Have you ever wondered if the traditional cleaning products you use are safe for the environment? How about all of the new products entering the market that claim to be "green" or "natural," or claim to be made from "all natural ingredients?" To help consumers looking for environmentally friendly cleaners, many countries are creating programs to establish requirements for "green" cleaning products.

Verification Programs

The U.S. Environmental Protection Agency’s (EPA) Safer Choice label (formerly known as the Design for the Environment or DfE program) is an example of one of these programs. It helps identify companies that are producing sustainable products that are truly safer for the environment as well as human health. Companies whose products are verified to meet the requirements of this program earn the right to display the Safer Choice label on the product. It means that the product lines up on the "green" end of the health and environmental spectrum without sacrificing product performance.

In Europe, green cleaners may apply for certification under the EU Ecolabel program. Similar to the EPA's Safer Choice label , the goal of certification is to make sure a product is both environmentally friendly and of good quality. The EU Ecolabel program takes the whole product life cycle into account – from raw material sources to production, packaging and transport through use by the consumer to recycling of any leftover product or packaging.

Other Cleaning Options

In addition to using green cleaners, an option for many other household cleaning tasks is to use a simple mixture of vinegar or baking soda in hot water. Washing walls with a solution of hot water and vinegar can help freshen a room and neutralize odors. It also works well to clean windows and to dissolve dirt and grease on kitchen cabinets. Baking soda can be used not only to help adsorb odors around the house, but also to help clean areas such as bathtubs that you don't want to scratch. However, as neither of these products can kill bacteria and other microorganisms, they should not be used in place of disinfectants in areas where bacteria can grow, such as counters, sinks and toilets.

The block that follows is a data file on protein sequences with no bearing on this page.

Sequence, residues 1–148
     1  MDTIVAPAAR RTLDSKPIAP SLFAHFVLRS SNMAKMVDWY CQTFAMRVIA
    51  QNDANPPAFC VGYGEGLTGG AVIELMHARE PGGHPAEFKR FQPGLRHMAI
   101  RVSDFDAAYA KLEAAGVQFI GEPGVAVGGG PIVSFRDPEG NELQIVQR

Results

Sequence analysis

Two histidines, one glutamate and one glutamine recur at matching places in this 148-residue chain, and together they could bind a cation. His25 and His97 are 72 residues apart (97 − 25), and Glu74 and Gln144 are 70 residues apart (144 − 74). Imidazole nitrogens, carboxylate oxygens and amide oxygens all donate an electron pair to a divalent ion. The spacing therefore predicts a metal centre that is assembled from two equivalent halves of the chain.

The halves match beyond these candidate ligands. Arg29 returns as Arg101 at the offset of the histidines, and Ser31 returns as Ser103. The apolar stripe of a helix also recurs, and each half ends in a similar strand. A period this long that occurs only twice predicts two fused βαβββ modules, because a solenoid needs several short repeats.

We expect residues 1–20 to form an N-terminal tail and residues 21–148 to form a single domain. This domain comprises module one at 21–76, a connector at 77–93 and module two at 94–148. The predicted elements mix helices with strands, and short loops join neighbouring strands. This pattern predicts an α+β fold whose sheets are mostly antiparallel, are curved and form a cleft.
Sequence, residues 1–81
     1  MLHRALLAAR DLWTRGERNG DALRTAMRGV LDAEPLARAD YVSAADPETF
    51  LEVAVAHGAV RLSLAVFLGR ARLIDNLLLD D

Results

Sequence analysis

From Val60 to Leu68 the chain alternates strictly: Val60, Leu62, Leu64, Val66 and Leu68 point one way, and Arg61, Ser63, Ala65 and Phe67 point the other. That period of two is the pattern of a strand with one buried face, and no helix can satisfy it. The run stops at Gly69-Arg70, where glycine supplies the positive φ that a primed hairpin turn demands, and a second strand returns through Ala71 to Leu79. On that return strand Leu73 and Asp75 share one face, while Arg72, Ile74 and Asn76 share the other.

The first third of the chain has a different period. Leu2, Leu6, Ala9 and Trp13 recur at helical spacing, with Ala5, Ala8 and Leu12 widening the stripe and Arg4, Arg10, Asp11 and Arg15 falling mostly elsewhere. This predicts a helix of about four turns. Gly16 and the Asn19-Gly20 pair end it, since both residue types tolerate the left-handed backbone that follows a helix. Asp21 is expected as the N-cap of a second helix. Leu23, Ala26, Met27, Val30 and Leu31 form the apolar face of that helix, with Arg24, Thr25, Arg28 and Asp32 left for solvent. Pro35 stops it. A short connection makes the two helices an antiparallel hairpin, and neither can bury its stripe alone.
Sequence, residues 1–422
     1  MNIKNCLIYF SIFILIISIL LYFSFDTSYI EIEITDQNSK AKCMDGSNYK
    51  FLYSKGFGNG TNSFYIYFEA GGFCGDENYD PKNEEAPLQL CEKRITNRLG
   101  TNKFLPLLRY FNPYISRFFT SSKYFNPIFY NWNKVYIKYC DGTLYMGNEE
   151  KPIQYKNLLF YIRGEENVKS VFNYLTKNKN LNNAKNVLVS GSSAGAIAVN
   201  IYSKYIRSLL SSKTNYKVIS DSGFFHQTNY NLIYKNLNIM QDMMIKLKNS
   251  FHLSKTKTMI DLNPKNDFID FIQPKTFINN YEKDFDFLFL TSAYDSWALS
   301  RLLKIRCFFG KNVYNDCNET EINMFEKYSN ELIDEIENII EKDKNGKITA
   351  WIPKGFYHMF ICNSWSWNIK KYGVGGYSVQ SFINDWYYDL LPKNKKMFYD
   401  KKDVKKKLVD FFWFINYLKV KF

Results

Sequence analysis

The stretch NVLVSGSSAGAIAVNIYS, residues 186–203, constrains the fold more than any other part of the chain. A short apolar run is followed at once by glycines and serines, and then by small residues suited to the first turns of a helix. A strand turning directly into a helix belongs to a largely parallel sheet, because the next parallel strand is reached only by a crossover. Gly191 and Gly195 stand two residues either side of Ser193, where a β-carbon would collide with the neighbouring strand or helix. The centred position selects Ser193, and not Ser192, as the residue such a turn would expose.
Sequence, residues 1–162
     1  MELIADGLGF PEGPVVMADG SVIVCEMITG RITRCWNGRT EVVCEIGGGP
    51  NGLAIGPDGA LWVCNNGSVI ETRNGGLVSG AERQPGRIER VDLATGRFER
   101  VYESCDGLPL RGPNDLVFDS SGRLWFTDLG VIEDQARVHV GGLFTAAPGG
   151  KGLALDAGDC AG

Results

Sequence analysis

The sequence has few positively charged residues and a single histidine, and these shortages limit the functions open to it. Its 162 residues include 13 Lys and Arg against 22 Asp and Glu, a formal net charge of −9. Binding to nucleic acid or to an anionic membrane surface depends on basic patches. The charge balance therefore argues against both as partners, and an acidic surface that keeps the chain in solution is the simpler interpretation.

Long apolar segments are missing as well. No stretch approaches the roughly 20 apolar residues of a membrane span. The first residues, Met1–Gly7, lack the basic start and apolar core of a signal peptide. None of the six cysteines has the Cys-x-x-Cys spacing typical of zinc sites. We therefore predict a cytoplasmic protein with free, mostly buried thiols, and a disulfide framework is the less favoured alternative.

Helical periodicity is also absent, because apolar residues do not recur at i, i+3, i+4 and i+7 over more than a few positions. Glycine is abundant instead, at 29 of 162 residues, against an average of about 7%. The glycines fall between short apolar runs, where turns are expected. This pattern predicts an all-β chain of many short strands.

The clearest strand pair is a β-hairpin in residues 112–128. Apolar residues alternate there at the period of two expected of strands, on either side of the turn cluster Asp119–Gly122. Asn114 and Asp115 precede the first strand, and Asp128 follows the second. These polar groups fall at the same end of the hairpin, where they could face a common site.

Surfaces such as kitchen counters that need to be disinfected should be washed with a mild detergent mixed with water. After rinsing with clean water, disinfect the surface with a mild bleach-based solution (1 cap of household bleach to a gallon of hot water) or other disinfecting agent as recommended by the surface manufacturer. Avoid using bleach products that contain added fragrances or other added ingredients whenever possible.

More Cleaning and Disposal Tips

When cleaning a kitchen, start in the main food preparation area and work your way outward into the rest of the room from the top down. This will help you avoid tracking dirt and germs back into your main food handling areas. Bathrooms should also be cleaned from the top down, ending at the toilet.

While cleaning, set aside any old paints, lawn care products, pharmaceuticals or other products you no longer need. If you aren't sure what to do with them, contact your community or waste hauling provider for instructions on proper disposal. Never dispose of potentially hazardous products with the regular trash, or by flushing them down the toilet or pouring them down the drain. Anything you put down the drain could end up in your drinking water. You can also check to see if your community sponsors any events where hazardous wastes and other household items can be dropped off for disposal or recycling.